In all these procedures there is always the danger that some weak features perform seemingly well due to noise and are selected. If later an additional labeled dataset becomes available it might become clear that such features are used but in fact perform bad and are the cause of peaking. In conclusion, in real applications peaking cannot entirely, with certainty, be avoided.
The expected classification error
In many studies on the peaking phenomenon one takes a particular problem and studies the expected error. The expectation is over the selection of the training set. The red and blue curves in the figure above are the averages of 50 experiments in which each time a new training set is selected. This approximates the expected error. It can only be studied for artificial problems or situations as one needs the possibility to generate new training sets. In a real application just one of them will be available. If one would combine them into a single, larger training set this set is expected to generate a better classifier. The possibility of a good evaluation by an independent test set, however, is thereby destroyed.
Studies on the expected classification error, like Trunk’s example, just show what might happen. They are thereby theoretical studies on the peaking phenomenon. They may result in a sensitivity of various classifiers for peaking in particular problems. Thereby knowledge is gained on classification procedures in relation to problem characteristics. They are not directly a tool to avoid peaking in a given application.
The mean classification error
How sensitive is a particular classification procedure for peaking? In order to answer this question one has to define a set of problems and study an average of the resulting expected classification errors. An example is the study by Hughes. As was pointed out by Van Campenhout, his study was inconsistent as the considered set of problems was not constant over the problem complexities.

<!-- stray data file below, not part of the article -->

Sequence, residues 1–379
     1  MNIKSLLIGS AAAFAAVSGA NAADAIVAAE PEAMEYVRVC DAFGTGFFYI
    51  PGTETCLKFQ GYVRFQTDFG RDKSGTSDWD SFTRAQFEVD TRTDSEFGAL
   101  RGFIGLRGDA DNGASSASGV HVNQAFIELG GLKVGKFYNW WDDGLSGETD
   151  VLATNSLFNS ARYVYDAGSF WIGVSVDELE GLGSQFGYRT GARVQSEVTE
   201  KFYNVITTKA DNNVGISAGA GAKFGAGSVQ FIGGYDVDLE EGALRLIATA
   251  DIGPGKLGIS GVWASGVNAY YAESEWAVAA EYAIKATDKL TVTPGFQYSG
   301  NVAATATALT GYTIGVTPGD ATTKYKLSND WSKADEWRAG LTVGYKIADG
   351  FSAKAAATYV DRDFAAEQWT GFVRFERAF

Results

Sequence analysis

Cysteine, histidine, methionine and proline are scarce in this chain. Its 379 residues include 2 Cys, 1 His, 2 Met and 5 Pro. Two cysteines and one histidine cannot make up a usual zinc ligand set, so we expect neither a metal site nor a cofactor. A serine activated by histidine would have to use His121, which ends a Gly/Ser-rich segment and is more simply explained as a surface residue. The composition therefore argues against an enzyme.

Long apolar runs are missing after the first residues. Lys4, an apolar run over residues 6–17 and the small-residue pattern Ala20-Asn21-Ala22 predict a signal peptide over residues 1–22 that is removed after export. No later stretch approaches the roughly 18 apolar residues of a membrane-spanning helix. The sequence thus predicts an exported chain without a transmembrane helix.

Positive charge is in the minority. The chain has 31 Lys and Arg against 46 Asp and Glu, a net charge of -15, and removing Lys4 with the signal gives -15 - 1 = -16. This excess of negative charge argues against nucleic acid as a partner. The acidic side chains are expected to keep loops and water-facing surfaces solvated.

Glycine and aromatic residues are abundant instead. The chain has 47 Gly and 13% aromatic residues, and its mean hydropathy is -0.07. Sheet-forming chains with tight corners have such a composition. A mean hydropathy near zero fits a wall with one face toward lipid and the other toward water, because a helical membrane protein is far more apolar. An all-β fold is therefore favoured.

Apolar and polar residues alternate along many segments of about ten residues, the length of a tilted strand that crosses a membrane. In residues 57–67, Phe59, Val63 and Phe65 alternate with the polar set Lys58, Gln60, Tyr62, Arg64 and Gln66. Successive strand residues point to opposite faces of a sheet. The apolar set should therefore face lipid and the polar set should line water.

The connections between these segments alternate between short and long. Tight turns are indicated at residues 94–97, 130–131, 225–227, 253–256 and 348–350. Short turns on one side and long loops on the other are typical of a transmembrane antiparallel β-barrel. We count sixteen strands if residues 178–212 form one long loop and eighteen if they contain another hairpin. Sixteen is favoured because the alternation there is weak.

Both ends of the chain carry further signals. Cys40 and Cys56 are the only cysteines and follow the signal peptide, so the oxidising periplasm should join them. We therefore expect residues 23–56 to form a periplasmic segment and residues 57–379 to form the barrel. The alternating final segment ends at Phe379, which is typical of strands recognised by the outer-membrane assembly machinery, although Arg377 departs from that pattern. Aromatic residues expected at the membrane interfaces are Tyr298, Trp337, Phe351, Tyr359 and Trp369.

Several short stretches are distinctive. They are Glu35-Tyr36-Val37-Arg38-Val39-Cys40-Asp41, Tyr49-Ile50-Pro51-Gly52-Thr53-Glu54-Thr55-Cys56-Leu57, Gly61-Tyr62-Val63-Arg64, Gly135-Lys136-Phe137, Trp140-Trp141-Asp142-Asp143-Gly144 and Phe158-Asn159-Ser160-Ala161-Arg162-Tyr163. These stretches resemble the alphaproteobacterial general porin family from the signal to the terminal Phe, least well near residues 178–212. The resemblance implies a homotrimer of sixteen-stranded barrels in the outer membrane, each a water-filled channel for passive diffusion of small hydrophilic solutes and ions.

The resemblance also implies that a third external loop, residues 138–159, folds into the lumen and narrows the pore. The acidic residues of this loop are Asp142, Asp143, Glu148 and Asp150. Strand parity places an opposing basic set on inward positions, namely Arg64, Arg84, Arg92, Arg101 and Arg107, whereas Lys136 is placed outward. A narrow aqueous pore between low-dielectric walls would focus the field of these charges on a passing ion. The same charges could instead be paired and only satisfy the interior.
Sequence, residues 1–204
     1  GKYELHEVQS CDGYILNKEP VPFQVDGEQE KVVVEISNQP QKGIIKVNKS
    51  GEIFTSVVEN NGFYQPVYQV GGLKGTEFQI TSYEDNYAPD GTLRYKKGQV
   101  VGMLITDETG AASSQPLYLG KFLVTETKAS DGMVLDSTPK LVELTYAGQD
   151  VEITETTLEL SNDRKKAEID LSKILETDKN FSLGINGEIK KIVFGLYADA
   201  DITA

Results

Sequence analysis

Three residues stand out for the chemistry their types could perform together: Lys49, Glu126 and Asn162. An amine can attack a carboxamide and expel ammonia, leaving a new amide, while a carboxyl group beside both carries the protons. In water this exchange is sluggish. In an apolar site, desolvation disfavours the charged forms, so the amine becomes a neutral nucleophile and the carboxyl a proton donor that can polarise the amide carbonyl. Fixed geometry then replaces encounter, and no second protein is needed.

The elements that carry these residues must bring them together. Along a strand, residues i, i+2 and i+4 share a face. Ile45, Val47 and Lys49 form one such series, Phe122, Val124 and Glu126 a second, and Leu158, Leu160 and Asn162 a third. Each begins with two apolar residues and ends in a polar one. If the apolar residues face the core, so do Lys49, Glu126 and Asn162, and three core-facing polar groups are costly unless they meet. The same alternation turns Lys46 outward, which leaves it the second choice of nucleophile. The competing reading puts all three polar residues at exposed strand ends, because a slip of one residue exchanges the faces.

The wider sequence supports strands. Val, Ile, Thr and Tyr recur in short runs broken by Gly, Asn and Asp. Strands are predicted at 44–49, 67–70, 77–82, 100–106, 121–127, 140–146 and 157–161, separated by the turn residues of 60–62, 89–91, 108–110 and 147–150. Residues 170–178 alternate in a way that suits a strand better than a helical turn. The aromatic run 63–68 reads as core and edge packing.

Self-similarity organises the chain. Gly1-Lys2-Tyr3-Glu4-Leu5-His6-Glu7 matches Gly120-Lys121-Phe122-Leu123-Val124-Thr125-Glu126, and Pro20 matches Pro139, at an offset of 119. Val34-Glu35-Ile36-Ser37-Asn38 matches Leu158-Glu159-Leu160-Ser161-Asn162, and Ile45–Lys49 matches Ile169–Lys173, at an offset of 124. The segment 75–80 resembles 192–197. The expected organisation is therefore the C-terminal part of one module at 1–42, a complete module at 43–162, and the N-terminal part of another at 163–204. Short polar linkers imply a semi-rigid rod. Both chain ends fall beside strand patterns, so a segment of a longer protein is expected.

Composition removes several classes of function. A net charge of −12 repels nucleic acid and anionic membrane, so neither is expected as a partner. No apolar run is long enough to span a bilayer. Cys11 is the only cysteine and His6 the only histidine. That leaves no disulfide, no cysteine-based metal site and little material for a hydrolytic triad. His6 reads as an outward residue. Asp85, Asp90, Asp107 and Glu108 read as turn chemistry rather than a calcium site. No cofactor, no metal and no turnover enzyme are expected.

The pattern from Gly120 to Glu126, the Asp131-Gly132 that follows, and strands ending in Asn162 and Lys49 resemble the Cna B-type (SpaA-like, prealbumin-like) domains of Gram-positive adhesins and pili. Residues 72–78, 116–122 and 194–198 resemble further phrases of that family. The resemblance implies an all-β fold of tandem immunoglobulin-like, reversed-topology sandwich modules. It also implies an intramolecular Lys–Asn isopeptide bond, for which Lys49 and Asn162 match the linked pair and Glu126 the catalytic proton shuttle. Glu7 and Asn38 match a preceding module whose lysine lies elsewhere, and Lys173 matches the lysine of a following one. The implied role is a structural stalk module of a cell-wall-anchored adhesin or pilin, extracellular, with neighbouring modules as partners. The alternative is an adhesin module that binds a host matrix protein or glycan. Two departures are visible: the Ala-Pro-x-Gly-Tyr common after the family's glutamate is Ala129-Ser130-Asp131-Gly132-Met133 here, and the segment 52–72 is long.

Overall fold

The result of such a study, if performed well, may be that one may find for every problem complexity (feature size) the classifier that performs best in expectation over the set of problems. Such a result may be valuable for application areas in which the set of problems is reasonably well defined but in which frequently new classifiers have to be designed.
An example is the classification of speakers in a recorded discussion on the basis of a small audio training set. The best classifier, on average, will depend on the size of this training set. This classifier has to use an optimized feature set for the selected training size taking into account the peaking phenomenon. It is possible to determine the classifier and the feature set on the basis of a representative set of recorded discussions as a function of the training set size.
Peaking, or overtraining exists and occurs frequently. Balancing feature size, training set size and the choice of the classifier is a basic problem in the design of pattern recognition systems. The inclusion of an additional, noisy and not very informative feature can always destroy the performance. By accident such features may look well. If one considers many candidates the probability that such a feature is encountered becomes high. Consequently, some knowledge should be available to avoid this.